A new environmental agreement
Officials from Cuba and the United States have signed a landmark agreement to protect marine ecosystems from rising manmade threats.
The agreement, first announced in October, commits Cuba and the U.S. to collaborate on science, outreach and education regarding ‘sister’ marine protected areas,” according to the Environmental Defense Fund, which has been working with Cuban officials and scientists for more than a decade on environmental issues.
“This is a major achievement for both the United States and Cuba and a huge win for the ocean,” said Daniel Whittle, senior director at EDF’s Cuba Program. “These parks are home to some of the most abundant and healthy coral reefs in the hemisphere and provide habitat for shallow water reef fish and invertebrates, manta rays and sharks.”
Scientists and other officials from the United States’ National Oceanic and Atmospheric Administration and the National Park Service and Cuba’s National Center for Protected Areas will initially focus their efforts on Cuba’s Guanahacabibes National Park and the country’s offshore San Antonio Bank, along with several areas in the United States including the Florida Keys National Sanctuaries.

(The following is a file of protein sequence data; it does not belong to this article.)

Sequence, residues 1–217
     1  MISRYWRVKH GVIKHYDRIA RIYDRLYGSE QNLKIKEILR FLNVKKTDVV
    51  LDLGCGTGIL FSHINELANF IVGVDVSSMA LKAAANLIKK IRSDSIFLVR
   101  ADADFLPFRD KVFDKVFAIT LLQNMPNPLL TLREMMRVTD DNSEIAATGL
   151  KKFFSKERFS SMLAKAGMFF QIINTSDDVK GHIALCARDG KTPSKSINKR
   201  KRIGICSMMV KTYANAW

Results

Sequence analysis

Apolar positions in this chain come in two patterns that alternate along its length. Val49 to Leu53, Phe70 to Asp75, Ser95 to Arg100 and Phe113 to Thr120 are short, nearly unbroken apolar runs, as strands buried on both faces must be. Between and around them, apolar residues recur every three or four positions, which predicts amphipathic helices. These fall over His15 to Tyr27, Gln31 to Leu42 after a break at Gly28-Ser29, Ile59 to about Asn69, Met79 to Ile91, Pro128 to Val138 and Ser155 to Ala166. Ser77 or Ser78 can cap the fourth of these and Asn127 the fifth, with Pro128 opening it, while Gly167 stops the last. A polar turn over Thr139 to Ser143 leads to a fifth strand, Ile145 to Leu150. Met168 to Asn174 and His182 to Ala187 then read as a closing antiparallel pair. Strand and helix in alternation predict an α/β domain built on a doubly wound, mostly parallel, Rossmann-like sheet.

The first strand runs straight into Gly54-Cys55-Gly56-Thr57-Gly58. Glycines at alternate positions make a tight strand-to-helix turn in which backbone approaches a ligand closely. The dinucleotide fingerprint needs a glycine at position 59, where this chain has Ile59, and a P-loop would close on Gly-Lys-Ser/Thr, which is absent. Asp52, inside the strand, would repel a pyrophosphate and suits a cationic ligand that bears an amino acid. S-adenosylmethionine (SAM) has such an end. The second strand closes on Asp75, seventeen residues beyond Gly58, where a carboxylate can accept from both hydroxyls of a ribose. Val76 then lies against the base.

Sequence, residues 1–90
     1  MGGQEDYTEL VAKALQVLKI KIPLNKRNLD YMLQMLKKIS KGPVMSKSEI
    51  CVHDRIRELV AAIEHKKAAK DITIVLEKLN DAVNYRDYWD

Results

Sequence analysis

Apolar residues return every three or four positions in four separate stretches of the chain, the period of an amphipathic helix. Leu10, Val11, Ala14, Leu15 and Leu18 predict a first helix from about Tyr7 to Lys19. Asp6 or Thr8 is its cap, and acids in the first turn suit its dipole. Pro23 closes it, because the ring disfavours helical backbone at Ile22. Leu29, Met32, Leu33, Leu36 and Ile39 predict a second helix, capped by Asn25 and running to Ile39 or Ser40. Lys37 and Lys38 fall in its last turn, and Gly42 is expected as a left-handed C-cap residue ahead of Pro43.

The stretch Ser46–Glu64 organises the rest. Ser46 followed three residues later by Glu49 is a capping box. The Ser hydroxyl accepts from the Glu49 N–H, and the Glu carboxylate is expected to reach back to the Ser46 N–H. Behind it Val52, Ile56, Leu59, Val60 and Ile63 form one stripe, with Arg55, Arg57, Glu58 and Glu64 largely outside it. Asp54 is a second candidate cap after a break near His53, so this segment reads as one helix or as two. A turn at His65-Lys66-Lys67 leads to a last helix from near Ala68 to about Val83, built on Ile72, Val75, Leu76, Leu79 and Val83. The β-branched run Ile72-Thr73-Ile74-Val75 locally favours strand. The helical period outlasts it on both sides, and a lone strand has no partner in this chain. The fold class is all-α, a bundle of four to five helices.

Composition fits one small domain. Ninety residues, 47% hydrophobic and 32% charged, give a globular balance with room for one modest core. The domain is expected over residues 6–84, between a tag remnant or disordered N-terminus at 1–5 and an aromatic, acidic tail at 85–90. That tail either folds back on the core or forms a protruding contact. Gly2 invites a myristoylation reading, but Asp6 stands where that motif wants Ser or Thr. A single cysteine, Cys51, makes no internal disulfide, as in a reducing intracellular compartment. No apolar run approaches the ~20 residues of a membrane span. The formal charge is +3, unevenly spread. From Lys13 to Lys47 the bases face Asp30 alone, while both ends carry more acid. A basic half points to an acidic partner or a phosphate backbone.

Above: the San Antonio Bank
“We recognize we all share the same ocean and face the same challenges of understanding, managing, and conserving critical marine resources for future generations,” said Dr. Kathryn Sullivan, NOAA administrator, who was in Cuba for the signing of the agreement. “The opportunity for international cooperation in marine conservation is invaluable and this moves us closer to ensuring a healthy and productive ocean for everyone.”
The memorandum of understanding also includes a program aimed at fostering conservation and the understanding of natural marine resources in both countries.
“Ocean waters and living resources do not recognize political borders,” Whittle said. “We must work together to learn more about marine life and how we can best protect it for the future. EDF is proud of the work we have done to increase scientific collaboration between the United States and Cuba. We all benefit by working together.”
— Cuba Journal staff